NEW YORK (Reuters) – Lehman Brothers Holdings Inc. has reached an agreement in principle to sell its merchant banking business, made up of two private equity funds, to management of the funds, a source familiar with the situation said on Thursday.
The business to be spun out would also take in new investment from South African billionaire Johann Rupert, the source said. Lehman’s bankruptcy estate will retain a substantial interest in the funds, the source said.
The proposed deal is subject to consent from the investors in the funds, known as limited partners.
A formal auction was run for the assets by Lazard (LAZ.N) on behalf of Alvarez & Marsal, Lehman’s restructuring advisors, the source said.
A number of private equity firms including Blackstone Group (BX.N) and Lexington Partners Inc. had previously expressed interest in the assets, the source said.
The price for the proposed deal was unclear. The funds have about $4.5 billion in assets — which includes money invested and money still to be drawn down from the limited partners.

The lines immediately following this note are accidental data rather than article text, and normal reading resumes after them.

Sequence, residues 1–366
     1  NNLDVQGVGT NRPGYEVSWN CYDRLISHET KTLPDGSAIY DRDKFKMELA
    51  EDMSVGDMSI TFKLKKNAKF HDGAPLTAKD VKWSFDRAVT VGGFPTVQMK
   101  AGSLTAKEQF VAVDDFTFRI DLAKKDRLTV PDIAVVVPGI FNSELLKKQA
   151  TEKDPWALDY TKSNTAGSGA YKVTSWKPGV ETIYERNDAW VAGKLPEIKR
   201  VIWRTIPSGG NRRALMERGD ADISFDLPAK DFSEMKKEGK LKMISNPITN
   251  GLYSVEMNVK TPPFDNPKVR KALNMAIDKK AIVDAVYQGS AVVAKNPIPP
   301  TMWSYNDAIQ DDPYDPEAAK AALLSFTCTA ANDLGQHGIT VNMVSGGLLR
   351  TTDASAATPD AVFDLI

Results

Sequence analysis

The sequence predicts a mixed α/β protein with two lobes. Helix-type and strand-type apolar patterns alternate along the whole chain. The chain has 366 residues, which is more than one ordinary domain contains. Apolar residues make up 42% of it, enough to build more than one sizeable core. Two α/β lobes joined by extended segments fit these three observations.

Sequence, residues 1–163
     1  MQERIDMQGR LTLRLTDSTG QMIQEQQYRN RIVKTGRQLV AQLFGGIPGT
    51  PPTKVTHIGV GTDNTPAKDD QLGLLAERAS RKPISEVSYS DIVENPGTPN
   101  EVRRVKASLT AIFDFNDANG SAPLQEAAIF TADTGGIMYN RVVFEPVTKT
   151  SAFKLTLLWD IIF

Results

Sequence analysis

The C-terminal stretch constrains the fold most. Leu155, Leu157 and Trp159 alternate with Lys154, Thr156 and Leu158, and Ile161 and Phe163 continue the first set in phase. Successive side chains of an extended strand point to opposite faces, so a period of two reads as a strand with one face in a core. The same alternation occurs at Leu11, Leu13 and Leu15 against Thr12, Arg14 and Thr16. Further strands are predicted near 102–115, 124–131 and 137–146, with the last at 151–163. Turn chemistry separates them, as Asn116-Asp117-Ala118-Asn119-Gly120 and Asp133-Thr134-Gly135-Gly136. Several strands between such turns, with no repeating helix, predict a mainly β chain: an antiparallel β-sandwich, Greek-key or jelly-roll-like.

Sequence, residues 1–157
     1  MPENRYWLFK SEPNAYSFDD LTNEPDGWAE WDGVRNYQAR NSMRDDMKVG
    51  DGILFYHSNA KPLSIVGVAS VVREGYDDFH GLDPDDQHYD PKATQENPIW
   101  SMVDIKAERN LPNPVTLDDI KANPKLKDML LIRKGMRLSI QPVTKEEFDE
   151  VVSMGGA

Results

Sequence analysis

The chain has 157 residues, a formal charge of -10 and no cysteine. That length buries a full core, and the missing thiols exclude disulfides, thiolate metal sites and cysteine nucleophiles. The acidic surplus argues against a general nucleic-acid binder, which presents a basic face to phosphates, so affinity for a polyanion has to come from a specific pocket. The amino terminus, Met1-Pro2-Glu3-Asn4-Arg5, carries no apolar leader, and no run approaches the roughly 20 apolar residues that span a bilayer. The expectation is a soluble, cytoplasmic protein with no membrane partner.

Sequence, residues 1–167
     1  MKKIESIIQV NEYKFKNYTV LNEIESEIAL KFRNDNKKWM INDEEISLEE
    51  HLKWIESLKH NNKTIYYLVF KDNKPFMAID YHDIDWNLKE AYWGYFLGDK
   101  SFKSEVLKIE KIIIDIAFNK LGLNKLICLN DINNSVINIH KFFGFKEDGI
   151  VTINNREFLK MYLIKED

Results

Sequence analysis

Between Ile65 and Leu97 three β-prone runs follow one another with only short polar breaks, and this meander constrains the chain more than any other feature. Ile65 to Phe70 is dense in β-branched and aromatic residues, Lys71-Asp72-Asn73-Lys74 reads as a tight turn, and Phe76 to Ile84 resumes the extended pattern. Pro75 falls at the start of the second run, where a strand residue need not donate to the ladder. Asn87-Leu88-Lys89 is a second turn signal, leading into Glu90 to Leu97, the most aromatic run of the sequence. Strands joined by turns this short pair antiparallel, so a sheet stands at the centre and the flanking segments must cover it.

Lehman Brothers Holdings Inc filed for bankruptcy protection in mid-September after trying to finance too many risky assets with too little capital.
It has been selling various assets since then, including December’s sale of its prized asset management unit Neuberger Berman to a team consisting of Neuberger’s management.
The management from Lehman’s merchant banking business leading the proposed deal are Charles Ayres and Daniel James, the source said.
Investors in the funds include the Pennsylvania Public School Employees’ Retirement System, the New York City Retirement System and fund manager Caisse de depot et placement du Quebec, the source said.
(Reporting by Megan Davies; Editing by Bernard Orr)